Earlier this week, Crain’s reported that while spending on residential construction is poised to soar to $10.2 billion this year, up from $6.8 billion in 2013, a much larger proportion of that money will be directed to high-end luxury units, producing just 20,000 units, down from the approximately 30,000 per year that were built annually during the last boom cycle.
These days even developers of luxury rentals projects, which remain very much in demand among resident New Yorkers, have a difficult time bidding against high-end condo developers, who can afford to pay far more per buildable square foot.
The problem with this all these posh, sprawling condos, as a recent report on micro-units and accessory dwellings from NYU’s Furman Center illustrates, is that they aren’t meeting the needs of people who actually live in New York. The city demands cheaper, smaller housing units, with 57 percent of all adults in the city identifying as “single,” according to the U.S. Census Bureau, and 54.5 percent of the city’s population classified as rent-burdened—or paying more than 30 percent of their income on rent—in 2011, up from 40.7 percent in 2000.
At the same time, there is a scarcity of new-construction one-bedrooms, The New York Times reported earlier this year, with the number falling from 26 percent of new-construction units in 2010 to just 16 percent in 2013. Studios, meanwhile, are often reserved as staff suites in ultra high-end developments, the 21st-century alternative to the maid’s room rather than an entry-level housing option.
Building more micro-units, the report argues, while they present regulatory as well as potential market and social challenges, would be a very direct way of bringing the city’s demographics in line with its housing stock, two things that have, over the years, become increasingly out of step. (Exactly what, we might speculate, could be expected to happen as an inevitable result of a housing market that is more and more under the sway of non-resident investors.)
The report attributes the rise in illegal housing in cities like New York, San Francisco and Seattle to the fact that the housing market is not meeting the needs of residents—as we’ve discussed before, the micro-units slated to rise in Kip’s Bay will be far from the city’s first sub-400-square-foot residences—and that is, in part, because of regulatory burdens that limit density or impose per-unit parking requirements.
“The misalignment between the nature of the stock and the needs of renter households has been exacerbated by land use regulations and building codes that have not kept pace with evolving housing demands,” the report states.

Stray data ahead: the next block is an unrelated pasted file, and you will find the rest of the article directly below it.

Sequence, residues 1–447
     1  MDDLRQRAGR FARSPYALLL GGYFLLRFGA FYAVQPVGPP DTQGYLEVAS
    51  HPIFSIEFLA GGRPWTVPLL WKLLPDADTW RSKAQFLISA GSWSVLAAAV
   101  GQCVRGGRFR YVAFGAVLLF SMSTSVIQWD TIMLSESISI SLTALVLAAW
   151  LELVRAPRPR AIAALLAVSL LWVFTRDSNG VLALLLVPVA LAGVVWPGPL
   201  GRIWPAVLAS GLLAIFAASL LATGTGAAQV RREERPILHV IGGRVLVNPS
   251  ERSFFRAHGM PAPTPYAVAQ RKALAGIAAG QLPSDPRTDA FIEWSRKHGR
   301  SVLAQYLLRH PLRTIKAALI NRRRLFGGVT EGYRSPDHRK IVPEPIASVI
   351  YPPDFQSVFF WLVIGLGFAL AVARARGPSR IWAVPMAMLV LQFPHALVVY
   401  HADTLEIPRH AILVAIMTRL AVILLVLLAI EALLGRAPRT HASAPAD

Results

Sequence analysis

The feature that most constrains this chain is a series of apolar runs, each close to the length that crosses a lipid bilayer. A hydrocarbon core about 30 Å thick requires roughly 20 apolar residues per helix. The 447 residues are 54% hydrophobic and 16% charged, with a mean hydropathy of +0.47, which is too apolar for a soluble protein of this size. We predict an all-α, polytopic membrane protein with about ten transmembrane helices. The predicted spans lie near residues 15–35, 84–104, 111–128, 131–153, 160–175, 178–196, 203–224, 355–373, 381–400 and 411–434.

Though a sizeable share of “single” adults are far from single in that they have romantic partners with whom they chose to live, the report points out that many others are sharing apartments with roommates or living with their parents because they can’t afford to live alone.
And whereas SROs once met the needs of impecunious New Yorkers, including many new arrivals, looking for a no-frills living arrangement, new construction was outlawed in 1954. (Of course, a dwindling number of SROs, protected by rent regulation, still exist today, though they long ago lost their vital role in the housing market.) At the same time, the population of single adults has continued to rise, spurred on by the fact that Americans are living longer than they did a half-century ago and far less of them are getting married.
Still, the potential impact of downgrading the minimal allowable dwelling size—and grappling with questions of funding—has meant that few, if any, units have been constructed in the cities (Austin, Denver, San Francisco, Washington D.C. and New York) studied in the report. For example, New York’s first micro-unit development, being developed by Monadnock, nArchitects and Actors fund on city-owned land in Kips Bay, will include just 55 units. (Monadnock closed on construction financing this spring.)
Some fear that micro-units will bring either “sketchy” elements or gentrifiers into neighborhoods, or both, creating in the words of one Crain’s columnist, a “gentrified urban slum.” More worrisome is the fact that micro-units in many cities frequently rent at higher rates per square foot, though at lower total monthly rent levels, than larger apartments, according to the report.
But at this point, for better or worse, the impact of micro-units looks to be far from revolutionary—New York’s first micro-units will average 300 square feet, not all that far below the legal 400 square foot limit the “affordable” units will rent at $940 to $1,800 a month, while the market rate units will be priced at $2000 to $2,1000 a month—even as their construction will no doubt help to fill a growing hole in the housing market.